Her body is clumsy, cumbersome, graceless.
She has a birthmark on her thigh. A smaller, darker replica of her mother’s birthmark.
Some of her scars are a testament to her clumsiness. Like the scar on her knee from tripping on the sidewalk.
She has her mother’s hands. Her mother has her mother’s hands.
She’s asthmatic. Her lungs swell, burn, drown.
Her aunt says, You are loved but I’d never want my body to look like yours.
She studies her body in the mirror. She turns left then right then backwards. She cranes to see it from every angle.
Her family—and random people who see them together—marvel at how much she looks like her mother.
Hives or a rash warn her of an asthma flare up.
Some scars are from bug bites. She thinks they like O positive blood.
She has sinus issues. Her ears clog, leak, ring. She is often dizzy. The pain travels from her middle ear to her Eustachian tubes.
In high school, she is cornered by her stalker. She tries to be nice. She talks to him.
She has scars from cutting.
She is fourteen when her father says, I told your mother she had options.
She doesn’t trust her mirror. She goes to her mother’s mirror. She studies her body again. It looks worse but she thinks, “That’s more accurate.”
Her ribs are bruised in a car accident. She thinks it’s ironic the seatbelt kept her from a head injury by crushing her ribs. Sometimes, the connective tissue still hurts.
She accidentally stabs herself in the hand while cutting an apple. Next time, she uses a butter knife.
Like her father, she loves cinnamon.
Her doctor notices the scars on her wrist. She explains her sadness, anxiety, irritation. Her doctor says, Your brain probably lacks serotonin. She says, I can give you something, if you’re willing to try medicine.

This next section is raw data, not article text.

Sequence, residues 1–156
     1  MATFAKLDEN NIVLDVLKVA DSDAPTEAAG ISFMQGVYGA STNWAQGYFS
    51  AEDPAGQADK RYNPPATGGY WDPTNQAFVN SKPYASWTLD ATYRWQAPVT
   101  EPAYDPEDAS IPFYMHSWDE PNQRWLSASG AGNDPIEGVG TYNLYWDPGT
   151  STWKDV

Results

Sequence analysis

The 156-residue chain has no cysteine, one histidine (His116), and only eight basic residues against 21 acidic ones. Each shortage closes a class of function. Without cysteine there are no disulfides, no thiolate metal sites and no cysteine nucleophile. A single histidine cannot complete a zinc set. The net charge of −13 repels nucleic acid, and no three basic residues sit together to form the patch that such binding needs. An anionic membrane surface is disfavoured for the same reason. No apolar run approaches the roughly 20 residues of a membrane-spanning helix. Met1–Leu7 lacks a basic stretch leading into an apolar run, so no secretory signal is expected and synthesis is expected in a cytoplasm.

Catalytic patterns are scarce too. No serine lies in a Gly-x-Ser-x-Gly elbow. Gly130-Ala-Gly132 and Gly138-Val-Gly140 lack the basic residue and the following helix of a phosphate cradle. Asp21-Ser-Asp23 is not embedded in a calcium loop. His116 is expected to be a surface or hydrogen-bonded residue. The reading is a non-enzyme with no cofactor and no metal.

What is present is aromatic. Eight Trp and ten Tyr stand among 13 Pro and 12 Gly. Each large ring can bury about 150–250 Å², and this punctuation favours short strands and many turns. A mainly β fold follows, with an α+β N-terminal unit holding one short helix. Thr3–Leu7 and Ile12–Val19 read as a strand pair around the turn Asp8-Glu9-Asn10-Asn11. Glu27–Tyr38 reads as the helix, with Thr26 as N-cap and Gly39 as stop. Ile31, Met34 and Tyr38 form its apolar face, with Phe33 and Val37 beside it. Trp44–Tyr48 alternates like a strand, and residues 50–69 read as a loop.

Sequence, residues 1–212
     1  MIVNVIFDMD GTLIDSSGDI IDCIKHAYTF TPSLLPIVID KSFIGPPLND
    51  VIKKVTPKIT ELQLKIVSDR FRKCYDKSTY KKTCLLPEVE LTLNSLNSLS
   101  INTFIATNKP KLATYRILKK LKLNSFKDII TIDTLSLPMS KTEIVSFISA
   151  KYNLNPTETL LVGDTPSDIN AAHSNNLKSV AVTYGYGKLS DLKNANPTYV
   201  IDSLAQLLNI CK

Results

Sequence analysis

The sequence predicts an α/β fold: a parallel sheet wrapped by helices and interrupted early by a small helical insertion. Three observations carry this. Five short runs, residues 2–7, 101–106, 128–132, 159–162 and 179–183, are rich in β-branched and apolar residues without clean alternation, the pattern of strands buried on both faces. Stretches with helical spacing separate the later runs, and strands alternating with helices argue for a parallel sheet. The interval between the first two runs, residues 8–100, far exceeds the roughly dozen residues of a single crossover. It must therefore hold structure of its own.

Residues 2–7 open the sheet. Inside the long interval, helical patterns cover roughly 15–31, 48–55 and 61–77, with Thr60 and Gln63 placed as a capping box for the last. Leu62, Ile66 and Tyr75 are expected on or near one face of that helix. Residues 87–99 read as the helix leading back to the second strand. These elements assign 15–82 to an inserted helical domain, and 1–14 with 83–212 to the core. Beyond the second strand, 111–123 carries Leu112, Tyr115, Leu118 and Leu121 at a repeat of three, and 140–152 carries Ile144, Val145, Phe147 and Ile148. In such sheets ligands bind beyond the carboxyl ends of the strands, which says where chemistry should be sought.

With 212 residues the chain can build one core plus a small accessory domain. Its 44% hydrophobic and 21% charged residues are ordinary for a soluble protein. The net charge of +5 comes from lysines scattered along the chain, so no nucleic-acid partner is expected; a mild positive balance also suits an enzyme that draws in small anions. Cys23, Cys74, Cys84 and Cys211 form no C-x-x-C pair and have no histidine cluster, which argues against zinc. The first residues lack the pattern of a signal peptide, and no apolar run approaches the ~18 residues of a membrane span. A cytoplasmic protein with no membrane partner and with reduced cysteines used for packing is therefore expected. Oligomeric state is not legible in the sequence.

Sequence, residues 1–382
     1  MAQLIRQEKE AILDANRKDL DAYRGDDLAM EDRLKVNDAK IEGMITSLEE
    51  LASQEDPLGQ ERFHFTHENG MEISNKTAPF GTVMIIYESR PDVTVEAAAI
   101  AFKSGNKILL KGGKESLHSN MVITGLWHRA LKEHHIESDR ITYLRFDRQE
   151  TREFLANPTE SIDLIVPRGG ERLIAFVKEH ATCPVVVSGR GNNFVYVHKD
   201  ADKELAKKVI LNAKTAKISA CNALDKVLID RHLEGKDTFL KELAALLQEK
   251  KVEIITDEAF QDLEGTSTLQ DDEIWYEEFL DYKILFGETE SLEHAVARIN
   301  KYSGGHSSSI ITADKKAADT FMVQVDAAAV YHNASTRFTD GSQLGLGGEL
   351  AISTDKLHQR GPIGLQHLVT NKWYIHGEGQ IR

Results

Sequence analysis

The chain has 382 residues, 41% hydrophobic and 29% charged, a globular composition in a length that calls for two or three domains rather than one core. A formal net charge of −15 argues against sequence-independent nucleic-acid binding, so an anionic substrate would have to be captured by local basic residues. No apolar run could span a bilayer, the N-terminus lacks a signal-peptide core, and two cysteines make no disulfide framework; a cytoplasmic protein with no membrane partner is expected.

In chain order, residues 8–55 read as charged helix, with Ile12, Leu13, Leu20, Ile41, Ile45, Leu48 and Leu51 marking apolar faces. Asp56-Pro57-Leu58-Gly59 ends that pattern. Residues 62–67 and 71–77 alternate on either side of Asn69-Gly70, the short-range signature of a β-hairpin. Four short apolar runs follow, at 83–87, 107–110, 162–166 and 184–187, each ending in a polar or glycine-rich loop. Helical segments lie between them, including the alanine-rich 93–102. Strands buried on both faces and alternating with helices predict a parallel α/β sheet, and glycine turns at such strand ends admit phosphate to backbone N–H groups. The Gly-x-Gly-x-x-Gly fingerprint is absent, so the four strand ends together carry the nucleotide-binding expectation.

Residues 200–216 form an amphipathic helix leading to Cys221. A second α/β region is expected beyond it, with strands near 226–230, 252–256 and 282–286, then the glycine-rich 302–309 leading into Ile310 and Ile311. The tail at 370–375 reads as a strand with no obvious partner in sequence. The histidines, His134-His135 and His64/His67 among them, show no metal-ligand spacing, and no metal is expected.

The stalker gropes her.
She takes a pink pill. It eases the sadness and anxiety.
She knows what disordered eating does to bodies. Puking affects electrolytes which affect the heart. Not eating enough makes the body think it’s starving. It starts eating itself.
She doesn’t know how to react. She doesn’t want to draw attention. She laughs her laugh that says, “I’m uncomfortable, please stop.”
In second grade, a boy her age says, Your lips are too small. No one will ever want to kiss you.
Every breath is agony when her bronchi swell.
She was her step father’s whipping girl. That is to say: his weapon of choice was metal-studded leather.
She constantly thinks of ways to make herself look smaller. Like wearing black. Or hiding beneath a baggy sweatshirt.
She is still irritated with herself.
Her knowledge didn’t stop her from shoving her fingers down her throat twice.
Baggy sweatshirts are her armor. They make her feel safe.
Sometimes, she has a flare up and needs to rest. She uses the nebulizer every four hours. Albuterol lessens the swelling, but speeds up her heart.
She was asked what superpower she wanted.
She tries to fold in on herself.
She wants to be normal.
She thinks she shouldn’t add to her mass.
Albuterol makes her jitter.
She wants to be invisible.
She is fifteen the first time she cut.
She gags but nothing happens. She is very good at not throwing up.
If her voice is small and her presence is small, is she small?
She doesn’t know what normal is. She knows normal is not perceptual sadness or irrational fear or soothing unease with a razor.
Nine of her fingerprints are loops.
She has scars from her over-excited dogs.
She has astigmatism.
Her wrist is permanently discolored from a bruise.
When her razor slices through an ankle, a thigh, a wrist: She feels relief.
Belts don’t leave permanent marks. Until, they do.
She has freckles on her arms and legs.
Her finger was sliced open while cleaning her room. She didn’t realize the metal on her belt had bent. A pale scar remains.
She has been given welts of various shapes, colors, and sizes.
There is a tattoo on her back. It means strength forever.
She was seven and he was ten. He took possession of her body in the school library. That is all she is willing to say.
She has seen the same welts on her sister’s body.
She fights to not pick up her razor. She wins.
One of her fingerprints is a whorl.
Sometimes, she eats the smallest number of calories needed to function.
She doesn’t fight the razor.
Knowledge scares her into eating normally.
Her wrist was scar tissue.
Her aunt asks, Don’t you want to be attractive?
Knowledge is not enough.
Her wrist is no longer completely scar tissue.
If she can’t handle being around herself, how can others?
She has sprained both wrists and ankles many times.
She can hide from others. She can’t hide from herself.